As for Santino, his behavior has been documented by a PhD student, Mathias Osvath, in Current Biology. The NPR story describes Santino, his ability to plan ahead and show restraint before unleashing his rock throwing ways:
According to a report in the journal Current Biology, the 31-year-old alpha male started building his weapons cache in the morning before the zoo opened, collecting rocks and knocking out disks from concrete boulders inside his enclosure. He waited until around midday before he unleashed a "hailstorm" of rocks against visitors…
Seemingly at ease with his position as leader of the group, Santino didn't attack the other chimpanzees, Osvath told The Associated Press. The attacks were only directed at humans viewing the apes across the moat surrounding the island compound where they were held. (emphasis added)
So this provokes the age old question, is violence rooted in nature or nurture? Quite frankly, I think it's both, and at the risk of infuriating any social constructivists out there, I'll get back to that point a bit later. But first, it's critical to point out that Santino is labeled the "alpha male" in his group and takes "position as leader of the group."
Let's examine the different typologies of violence that exist as defined by the World Health Organization: (1) self-directed; (2) interpersonal; and (3) collective. Then across these three typologies, the nature of violence can come in four different forms: (1) physical; (2) sexual; (3) psychological; and (4) deprivation or neglect (pgs. 6, 7). If we look at the violence that seemingly runs rampant across the globe, for almost every dimension, the violence is dominated by men.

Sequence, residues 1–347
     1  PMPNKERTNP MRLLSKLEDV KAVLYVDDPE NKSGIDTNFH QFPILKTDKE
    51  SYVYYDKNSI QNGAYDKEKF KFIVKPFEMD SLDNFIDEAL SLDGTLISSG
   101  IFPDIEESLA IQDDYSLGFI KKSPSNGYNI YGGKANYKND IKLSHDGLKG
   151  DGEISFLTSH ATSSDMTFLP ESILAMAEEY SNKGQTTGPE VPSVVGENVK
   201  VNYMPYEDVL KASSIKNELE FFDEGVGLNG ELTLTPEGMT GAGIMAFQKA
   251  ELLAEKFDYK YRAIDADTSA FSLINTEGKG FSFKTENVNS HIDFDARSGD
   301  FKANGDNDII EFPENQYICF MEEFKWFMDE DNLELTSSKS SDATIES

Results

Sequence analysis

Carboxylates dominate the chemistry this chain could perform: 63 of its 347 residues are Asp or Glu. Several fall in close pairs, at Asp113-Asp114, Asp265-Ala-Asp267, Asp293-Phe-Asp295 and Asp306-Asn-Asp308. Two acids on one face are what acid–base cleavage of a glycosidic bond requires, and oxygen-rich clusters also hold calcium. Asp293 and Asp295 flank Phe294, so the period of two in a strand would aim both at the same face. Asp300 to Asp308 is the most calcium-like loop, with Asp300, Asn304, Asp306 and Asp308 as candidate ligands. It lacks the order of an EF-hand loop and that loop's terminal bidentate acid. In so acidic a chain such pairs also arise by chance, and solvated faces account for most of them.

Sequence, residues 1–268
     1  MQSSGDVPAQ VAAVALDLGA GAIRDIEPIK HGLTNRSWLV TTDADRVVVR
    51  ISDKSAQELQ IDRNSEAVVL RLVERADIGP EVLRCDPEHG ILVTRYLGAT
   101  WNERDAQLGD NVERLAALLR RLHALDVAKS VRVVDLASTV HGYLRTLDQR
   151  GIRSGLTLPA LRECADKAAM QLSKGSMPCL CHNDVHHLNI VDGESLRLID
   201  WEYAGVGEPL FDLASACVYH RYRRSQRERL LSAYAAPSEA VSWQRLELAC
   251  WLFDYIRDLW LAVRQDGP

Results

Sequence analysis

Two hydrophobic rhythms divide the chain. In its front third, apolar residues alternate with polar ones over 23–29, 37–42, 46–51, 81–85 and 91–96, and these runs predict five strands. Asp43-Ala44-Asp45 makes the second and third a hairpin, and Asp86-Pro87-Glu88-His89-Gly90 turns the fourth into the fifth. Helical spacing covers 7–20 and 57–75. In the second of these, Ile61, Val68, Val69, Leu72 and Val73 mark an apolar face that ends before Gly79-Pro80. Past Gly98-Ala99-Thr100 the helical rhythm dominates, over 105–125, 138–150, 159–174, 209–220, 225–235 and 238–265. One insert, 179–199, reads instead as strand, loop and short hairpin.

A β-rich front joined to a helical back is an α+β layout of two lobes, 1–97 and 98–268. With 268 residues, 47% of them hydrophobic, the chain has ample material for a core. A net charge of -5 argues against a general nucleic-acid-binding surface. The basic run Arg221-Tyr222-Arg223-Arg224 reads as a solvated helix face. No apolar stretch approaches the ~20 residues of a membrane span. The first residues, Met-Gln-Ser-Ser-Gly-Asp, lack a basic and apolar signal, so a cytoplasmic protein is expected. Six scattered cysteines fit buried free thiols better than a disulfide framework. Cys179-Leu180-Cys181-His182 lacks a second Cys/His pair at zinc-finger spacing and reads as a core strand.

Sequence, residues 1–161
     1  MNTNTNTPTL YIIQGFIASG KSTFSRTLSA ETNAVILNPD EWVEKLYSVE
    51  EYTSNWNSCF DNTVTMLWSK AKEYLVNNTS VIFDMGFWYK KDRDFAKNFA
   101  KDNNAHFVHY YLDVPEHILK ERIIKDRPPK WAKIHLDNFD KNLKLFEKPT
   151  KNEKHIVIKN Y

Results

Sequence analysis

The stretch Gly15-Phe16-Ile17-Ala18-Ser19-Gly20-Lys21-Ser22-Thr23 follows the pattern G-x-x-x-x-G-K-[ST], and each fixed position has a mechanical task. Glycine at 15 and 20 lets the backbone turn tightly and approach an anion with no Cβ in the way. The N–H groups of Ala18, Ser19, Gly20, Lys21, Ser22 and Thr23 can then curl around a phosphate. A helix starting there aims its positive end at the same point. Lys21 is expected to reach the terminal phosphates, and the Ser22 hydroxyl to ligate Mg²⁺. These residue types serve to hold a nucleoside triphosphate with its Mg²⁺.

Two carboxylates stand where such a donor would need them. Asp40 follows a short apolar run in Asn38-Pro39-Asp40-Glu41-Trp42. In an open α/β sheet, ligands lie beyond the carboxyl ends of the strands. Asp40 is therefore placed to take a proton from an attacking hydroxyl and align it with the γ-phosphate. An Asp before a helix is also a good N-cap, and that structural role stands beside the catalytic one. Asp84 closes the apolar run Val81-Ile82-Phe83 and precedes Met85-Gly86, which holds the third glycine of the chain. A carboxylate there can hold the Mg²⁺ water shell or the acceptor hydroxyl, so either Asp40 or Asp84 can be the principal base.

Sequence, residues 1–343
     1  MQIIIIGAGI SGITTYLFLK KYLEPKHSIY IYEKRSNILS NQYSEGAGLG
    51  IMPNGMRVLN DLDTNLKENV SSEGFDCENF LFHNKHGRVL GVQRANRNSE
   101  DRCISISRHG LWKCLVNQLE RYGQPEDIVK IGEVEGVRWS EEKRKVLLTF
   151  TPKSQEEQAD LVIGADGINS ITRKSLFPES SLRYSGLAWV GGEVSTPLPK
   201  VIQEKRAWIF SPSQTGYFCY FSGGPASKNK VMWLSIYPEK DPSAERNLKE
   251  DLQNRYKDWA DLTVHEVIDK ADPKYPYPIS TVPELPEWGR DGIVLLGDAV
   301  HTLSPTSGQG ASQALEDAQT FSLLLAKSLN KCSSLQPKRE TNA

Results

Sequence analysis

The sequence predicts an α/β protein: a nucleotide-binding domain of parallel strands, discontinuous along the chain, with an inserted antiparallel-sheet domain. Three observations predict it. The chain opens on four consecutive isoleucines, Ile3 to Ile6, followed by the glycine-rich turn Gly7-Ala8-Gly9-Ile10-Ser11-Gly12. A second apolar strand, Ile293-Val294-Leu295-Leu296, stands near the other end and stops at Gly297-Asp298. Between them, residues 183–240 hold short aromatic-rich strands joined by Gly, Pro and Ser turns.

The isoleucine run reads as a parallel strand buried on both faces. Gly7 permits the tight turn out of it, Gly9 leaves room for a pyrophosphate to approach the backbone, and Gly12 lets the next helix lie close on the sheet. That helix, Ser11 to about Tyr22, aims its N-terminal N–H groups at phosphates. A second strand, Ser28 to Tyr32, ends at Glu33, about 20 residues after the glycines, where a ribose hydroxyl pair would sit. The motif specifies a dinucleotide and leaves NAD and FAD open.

Whether it comes in the form of genocide, gangs, sexual violence, sports, 1-on-1 beefs, whatever, violence between males consistently outnumbers violence between females. And even more so, male violence against females consistently outnumbers female violence against males. In fact, these gendered patterns of violence are so common across cultures and over time, they're taken for granted and hardly make people raise an eyebrow, which is part of the problem. "Boys will be boys," right … or wrong?
This is of course with the exception of self-directed violence, where the gender gap is closer (although with the current recession, we may soon see a spike in male suicides). But the overwhelming gender discrepancy in interpersonal and collective violence makes me think that while male violence is unquestionably and uncritically nurtured in our society, there may also be something in the male psyche that makes us a bit more susceptible to accept that violent nurturing.
And perhaps that is what is seen here in Santino – the so-called alpha male. Sticking with this gendered theme, how did the zoo keepers attempt to calm the violent Santino? Well of course, emasculate him!
For a while, zookeepers tried locking Santino up in the morning so he couldn't collect ammunition for his assaults, but he remained aggressive. They ultimately decided to castrate him last autumn, but will have to wait until the summer to see if that helps.
Admittedly, the above mentioned "intervention" makes me cringe, but would the intervention work if imposed upon the male dictators that have ravaged so many societies over time? Alright, this is getting a bit over the top and unlikely to put into practice (wait, the reverse does happen in certain excessively patriarchal societies).
Furthermore, as movies like Boys Don’t Cry so vividly remind us, the rigid male-female binary that polarizes our violent society is far more complex than the popular sexed duality suggests. And truth be told, Santino is a sample size of a "whopping" one, so through him, it is difficult to make over-arching generalizations about possible innate sex differences in us primates as they relate to violence.
But yeah, I'm hardly surprised he's a guy, and I'd be surprised if he wasn't. Wouldn't you?
(Photo courtesy of NPR).